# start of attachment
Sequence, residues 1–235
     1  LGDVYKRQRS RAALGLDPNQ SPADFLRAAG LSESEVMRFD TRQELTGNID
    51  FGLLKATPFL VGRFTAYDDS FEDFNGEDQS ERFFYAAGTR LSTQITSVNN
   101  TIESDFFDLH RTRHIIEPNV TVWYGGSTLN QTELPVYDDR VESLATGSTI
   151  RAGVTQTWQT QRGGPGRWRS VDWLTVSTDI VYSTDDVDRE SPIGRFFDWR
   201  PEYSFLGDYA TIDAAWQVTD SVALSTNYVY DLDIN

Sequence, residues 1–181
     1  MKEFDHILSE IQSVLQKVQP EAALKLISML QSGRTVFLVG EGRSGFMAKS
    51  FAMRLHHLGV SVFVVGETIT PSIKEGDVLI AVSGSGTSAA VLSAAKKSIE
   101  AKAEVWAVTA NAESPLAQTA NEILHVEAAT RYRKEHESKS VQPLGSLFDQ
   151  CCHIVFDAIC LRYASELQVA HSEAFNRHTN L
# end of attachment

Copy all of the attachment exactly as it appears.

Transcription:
Sequence, residues 1–235
     1  LGDVYKRQRS RAALGLDPNQ SPADFLRAAG LSESEVMRFD TRQELTGNID
    51  FGLLKATPFL VGRFTAYDDS FEDFNGEDQS ERFFYAAGTR LSTQITSVNN
   101  TIESDFFDLH RTRHIIEPNV TVWYGGSTLN QTELPVYDDR VESLATGSTI
   151  RAGVTQTWQT QRGGPGRWRS VDWLTVSTDI VYSTDDVDRE SPIGRFFDWR
   201  PEYSFLGDYA TIDAAWQVTD SVALSTNYVY DLDIN

Sequence, residues 1–181
     1  MKEFDHILSE IQSVLQKVQP EAALKLISML QSGRTVFLVG EGRSGFMAKS
    51  FAMRLHHLGV SVFVVGETIT PSIKEGDVLI AVSGSGTSAA VLSAAKKSIE
   101  AKAEVWAVTA NAESPLAQTA NEILHVEAAT RYRKEHESKS VQPLGSLFDQ
   151  CCHIVFDAIC LRYASELQVA HSEAFNRHTN L